Wednesday, July 17, 2019

What is brain plasticity and why does it matter?

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It’s been a while since scientists first noted that the brain is plastic. This doesn’t mean it’s made of plastic. Instead, neuroplasticity – or brain plasticity – is the ability of the complex organ to change throughout life. The central nervous system can adapt or change after some external stimulation, or the same principle used for restoring brain damaged areas and to heal from injury, according to neuroengineer Dr. Curtis Cripe.

Brain plasticity occurs at the beginning of life, a time when the young brain begins to organize itself. It also takes place during brain injury to compensate for lost functions or help remaining ones, and through your adult years whenever you learn or memorize something new. The scientific consensus is that the brain never stops changing via learning.

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Studies of neural connections also indicate that many damaged cells can lead to new connections based on a process known as synaptic reorganization, forming the basis for brain plasticity. Dr. Curtis Cripe noted that these concepts require the brain as well as the nervous system to be externally stimulated to make development or recovery – such as from trauma or addiction – to occur.

This emerges as a very important process in light of scientific findings that under the right circumstances, neuroplasticity can help an adult mind grow. While specific brain machinery can break down with age, people can still tap into plasticity and refresh this machinery. This can be done through targeted brain exercises as well as retraining the brain back to health at the onset of a cognitive condition such as schizophrenia and dementia.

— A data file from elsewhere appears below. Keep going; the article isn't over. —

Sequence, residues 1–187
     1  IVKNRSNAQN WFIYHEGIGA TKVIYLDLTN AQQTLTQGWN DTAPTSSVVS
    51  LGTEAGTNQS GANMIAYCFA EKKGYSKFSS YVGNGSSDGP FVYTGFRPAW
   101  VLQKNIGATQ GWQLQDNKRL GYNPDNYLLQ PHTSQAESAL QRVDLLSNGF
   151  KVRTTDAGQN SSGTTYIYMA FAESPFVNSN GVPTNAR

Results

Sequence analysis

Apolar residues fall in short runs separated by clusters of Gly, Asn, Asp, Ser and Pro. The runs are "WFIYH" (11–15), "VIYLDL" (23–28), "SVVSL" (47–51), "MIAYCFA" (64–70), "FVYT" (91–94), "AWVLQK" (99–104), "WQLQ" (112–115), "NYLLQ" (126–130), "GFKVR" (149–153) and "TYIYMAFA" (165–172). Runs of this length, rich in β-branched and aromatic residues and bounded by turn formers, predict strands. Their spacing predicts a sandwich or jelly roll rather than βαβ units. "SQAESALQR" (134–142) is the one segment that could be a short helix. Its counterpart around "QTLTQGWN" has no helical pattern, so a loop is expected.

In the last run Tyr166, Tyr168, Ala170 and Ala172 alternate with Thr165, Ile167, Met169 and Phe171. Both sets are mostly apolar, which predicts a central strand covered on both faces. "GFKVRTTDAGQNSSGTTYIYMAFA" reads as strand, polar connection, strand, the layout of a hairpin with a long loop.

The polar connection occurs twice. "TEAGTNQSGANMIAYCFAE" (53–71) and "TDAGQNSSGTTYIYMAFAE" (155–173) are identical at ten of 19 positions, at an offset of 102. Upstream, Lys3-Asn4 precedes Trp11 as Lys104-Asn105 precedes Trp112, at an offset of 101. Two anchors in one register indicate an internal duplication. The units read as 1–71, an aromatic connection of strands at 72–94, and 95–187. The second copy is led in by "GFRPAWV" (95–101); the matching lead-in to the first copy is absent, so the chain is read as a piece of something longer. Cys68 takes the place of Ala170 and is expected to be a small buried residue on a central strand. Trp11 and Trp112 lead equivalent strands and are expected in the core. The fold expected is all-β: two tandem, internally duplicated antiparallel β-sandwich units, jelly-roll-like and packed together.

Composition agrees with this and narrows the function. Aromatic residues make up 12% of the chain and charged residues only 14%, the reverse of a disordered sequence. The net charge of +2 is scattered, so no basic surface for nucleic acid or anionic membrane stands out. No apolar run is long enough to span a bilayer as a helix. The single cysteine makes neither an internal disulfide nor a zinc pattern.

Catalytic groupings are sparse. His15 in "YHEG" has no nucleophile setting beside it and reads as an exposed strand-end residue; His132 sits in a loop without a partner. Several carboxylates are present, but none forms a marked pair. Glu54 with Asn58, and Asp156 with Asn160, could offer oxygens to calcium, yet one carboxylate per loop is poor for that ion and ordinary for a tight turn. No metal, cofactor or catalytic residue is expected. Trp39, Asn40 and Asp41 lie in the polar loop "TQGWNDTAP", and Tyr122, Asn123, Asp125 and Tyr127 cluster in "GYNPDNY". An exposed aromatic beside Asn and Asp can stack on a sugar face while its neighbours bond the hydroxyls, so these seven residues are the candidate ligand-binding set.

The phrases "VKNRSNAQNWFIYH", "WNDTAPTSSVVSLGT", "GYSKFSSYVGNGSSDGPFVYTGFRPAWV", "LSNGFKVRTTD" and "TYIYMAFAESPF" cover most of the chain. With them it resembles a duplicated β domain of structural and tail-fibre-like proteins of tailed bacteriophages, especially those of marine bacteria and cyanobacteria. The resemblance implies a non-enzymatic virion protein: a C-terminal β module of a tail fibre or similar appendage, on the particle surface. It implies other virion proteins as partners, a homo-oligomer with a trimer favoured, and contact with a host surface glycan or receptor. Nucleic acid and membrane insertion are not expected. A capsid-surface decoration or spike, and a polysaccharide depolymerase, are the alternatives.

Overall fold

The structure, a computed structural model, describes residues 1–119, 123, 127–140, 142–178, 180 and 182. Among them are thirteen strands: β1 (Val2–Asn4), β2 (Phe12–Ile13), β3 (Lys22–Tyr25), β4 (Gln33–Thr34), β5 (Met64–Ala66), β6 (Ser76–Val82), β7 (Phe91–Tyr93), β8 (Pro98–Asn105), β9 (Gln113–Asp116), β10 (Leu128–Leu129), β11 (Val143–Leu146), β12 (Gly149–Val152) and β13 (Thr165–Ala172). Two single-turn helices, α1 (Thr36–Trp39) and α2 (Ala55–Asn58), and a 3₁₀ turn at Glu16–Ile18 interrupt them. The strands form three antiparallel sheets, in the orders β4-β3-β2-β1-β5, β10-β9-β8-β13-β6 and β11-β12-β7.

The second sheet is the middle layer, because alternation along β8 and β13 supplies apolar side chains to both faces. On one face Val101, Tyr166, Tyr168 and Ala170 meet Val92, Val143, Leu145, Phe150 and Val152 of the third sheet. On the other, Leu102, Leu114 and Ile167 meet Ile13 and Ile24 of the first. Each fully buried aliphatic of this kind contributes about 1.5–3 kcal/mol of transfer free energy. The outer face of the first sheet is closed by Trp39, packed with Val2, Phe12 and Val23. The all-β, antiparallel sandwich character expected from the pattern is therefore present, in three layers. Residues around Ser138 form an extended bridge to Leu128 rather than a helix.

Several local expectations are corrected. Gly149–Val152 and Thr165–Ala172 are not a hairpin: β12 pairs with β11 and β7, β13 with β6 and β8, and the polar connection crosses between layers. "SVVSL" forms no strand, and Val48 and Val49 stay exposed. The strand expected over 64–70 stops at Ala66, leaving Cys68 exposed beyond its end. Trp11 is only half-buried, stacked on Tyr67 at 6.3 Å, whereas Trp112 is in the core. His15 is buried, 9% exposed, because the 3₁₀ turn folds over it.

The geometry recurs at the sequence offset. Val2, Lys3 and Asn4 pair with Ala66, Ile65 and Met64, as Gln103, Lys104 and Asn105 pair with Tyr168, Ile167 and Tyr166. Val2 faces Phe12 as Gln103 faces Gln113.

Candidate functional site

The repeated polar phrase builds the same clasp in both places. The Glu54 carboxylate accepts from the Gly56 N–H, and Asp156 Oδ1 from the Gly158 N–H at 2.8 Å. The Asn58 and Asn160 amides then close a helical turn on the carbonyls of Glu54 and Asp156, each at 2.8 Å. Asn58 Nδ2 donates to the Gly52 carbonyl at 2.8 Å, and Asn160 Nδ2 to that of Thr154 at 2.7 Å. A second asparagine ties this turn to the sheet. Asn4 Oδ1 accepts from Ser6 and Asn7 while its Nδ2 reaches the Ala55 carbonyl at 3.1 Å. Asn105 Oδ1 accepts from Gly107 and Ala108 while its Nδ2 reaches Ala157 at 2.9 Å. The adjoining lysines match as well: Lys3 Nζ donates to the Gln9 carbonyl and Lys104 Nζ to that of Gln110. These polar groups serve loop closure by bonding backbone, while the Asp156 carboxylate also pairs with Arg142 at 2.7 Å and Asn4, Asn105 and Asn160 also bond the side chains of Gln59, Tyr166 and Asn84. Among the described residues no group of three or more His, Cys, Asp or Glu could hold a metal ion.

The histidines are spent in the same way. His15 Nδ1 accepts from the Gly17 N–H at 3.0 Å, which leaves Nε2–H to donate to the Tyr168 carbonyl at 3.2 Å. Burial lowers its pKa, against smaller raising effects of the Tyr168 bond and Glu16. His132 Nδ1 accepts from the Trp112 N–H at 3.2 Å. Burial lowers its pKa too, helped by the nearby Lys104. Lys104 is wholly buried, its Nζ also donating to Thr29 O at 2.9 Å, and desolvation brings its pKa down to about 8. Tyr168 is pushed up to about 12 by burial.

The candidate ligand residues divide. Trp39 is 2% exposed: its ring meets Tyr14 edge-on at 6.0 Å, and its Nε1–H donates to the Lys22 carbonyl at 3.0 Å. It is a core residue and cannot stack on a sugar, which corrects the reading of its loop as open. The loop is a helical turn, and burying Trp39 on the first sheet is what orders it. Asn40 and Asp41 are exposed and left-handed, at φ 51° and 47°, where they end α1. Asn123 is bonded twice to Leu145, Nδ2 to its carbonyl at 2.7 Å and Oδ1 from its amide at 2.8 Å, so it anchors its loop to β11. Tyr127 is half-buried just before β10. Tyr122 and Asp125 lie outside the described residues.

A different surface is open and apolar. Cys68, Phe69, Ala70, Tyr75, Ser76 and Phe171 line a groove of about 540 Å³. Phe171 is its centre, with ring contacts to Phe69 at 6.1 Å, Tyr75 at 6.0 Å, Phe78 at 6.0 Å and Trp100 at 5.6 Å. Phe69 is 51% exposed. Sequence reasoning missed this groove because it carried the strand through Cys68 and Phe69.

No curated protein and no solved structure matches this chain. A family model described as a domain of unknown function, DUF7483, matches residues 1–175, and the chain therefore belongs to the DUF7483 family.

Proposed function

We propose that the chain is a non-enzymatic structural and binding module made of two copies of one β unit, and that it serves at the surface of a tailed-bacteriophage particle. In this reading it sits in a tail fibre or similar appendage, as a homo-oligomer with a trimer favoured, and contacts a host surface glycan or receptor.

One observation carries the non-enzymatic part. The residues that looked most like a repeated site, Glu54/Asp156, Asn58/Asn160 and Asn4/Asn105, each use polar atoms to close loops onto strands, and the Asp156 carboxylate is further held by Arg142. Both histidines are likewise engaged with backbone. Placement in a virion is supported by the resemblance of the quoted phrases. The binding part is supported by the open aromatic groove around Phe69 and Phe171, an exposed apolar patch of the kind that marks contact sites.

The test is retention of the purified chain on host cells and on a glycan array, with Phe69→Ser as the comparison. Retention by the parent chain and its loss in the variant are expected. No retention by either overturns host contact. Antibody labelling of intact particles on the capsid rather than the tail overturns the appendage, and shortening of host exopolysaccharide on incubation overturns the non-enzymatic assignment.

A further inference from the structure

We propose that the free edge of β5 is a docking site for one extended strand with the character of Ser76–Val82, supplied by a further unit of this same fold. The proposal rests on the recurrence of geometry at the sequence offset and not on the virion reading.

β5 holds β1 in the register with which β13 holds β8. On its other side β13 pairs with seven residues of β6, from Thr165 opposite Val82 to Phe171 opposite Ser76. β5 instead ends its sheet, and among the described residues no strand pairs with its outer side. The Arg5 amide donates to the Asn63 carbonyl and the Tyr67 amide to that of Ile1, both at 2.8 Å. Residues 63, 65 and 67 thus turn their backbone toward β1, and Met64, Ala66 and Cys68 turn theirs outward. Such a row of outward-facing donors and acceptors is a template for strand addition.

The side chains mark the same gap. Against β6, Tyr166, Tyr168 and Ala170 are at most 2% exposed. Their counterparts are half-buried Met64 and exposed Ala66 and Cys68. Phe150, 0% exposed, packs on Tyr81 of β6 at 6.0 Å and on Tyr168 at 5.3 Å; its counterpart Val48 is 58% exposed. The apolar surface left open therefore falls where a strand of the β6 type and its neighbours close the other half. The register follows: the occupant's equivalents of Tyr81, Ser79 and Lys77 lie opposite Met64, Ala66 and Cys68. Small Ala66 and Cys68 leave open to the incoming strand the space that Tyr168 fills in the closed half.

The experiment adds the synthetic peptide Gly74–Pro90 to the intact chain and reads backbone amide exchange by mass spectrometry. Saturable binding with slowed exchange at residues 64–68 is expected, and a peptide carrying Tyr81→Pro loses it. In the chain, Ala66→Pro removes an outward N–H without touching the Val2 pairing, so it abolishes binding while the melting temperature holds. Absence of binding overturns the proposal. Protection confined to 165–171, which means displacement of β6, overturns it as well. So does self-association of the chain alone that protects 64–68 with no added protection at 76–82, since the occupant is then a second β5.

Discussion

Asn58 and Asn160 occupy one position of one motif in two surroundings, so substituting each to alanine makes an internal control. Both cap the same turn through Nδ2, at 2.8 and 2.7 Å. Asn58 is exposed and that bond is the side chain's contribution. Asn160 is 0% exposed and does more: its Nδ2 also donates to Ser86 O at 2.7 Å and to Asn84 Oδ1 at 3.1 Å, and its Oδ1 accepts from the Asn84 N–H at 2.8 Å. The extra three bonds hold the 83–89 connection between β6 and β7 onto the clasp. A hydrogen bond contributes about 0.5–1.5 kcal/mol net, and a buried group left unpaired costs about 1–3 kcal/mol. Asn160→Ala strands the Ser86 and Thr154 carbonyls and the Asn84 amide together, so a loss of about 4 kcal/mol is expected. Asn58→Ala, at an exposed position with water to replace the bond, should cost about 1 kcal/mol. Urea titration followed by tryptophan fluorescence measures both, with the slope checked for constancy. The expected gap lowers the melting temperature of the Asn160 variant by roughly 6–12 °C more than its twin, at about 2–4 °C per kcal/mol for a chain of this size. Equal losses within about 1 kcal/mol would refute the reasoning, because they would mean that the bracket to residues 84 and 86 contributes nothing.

Dr. Curtis Cripe is a neuroengineer with diverse multidisciplinary background that includes software development, bioengineering, addiction recovery, psychophysiology, psychology, brain injury, and child neurodevelopment. For similar reads, visit this page.

Friday, June 21, 2019

A look at common neurological disorders and their prevalence

Today, advancements in neuroscience have led to the identification of hundreds of neurological conditions, disorders that vary in symptom and severity from person to person says neuroengineering professional Dr. Curtis Cripe.
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While certain conditions are more serious and rarer than others, they are all disorders of the central and peripheral nervous system— affecting the brain, cranial and peripheral nerves, spinal cord, automatic nervous system, muscles, and nerve roots. The most common ones are Alzheimer’s disease and other dementias, epilepsy, migraine headache disorders, stroke, Parkinson’s disease, neuro infections, brain tumors, multiple sclerosis, and disorders related to head trauma or TBI.

It should be mentioned that a variety of infections can likewise affect the nervous system. These include viral ones like the West Nile, HIV, and Zika virus; bacterial ones like tuberculosis; parasitic infections like malaria; and fungal ones like Aspergillus and Cryptococcus. Also, neurological symptoms may be a result of an immune response or occur due to the infection itself.